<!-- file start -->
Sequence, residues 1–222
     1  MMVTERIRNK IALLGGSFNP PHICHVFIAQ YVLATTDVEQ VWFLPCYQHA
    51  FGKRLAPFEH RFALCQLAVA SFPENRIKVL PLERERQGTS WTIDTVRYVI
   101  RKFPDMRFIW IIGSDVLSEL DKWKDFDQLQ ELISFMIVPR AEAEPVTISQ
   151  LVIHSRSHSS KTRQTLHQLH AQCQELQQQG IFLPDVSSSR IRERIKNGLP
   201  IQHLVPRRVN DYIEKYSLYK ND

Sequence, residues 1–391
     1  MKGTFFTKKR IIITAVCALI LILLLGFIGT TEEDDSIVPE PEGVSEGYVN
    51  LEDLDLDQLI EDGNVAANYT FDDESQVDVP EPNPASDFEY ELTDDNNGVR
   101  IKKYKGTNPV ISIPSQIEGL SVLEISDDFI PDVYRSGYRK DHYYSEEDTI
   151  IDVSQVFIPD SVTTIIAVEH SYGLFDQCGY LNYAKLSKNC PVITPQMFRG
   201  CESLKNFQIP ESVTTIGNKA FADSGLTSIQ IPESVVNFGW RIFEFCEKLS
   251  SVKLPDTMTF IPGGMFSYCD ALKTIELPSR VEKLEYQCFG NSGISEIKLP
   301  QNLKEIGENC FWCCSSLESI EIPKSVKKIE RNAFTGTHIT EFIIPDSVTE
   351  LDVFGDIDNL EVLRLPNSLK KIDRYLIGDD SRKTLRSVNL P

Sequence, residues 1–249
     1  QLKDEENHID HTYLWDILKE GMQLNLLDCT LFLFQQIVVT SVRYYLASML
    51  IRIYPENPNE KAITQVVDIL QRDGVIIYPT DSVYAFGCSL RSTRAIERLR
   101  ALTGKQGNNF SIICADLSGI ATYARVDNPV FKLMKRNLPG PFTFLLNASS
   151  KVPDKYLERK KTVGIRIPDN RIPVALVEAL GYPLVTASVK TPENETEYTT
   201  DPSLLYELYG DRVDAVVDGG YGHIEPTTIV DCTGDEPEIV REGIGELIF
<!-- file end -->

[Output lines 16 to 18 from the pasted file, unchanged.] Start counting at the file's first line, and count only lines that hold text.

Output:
Sequence, residues 1–249
     1  QLKDEENHID HTYLWDILKE GMQLNLLDCT LFLFQQIVVT SVRYYLASML
    51  IRIYPENPNE KAITQVVDIL QRDGVIIYPT DSVYAFGCSL RSTRAIERLR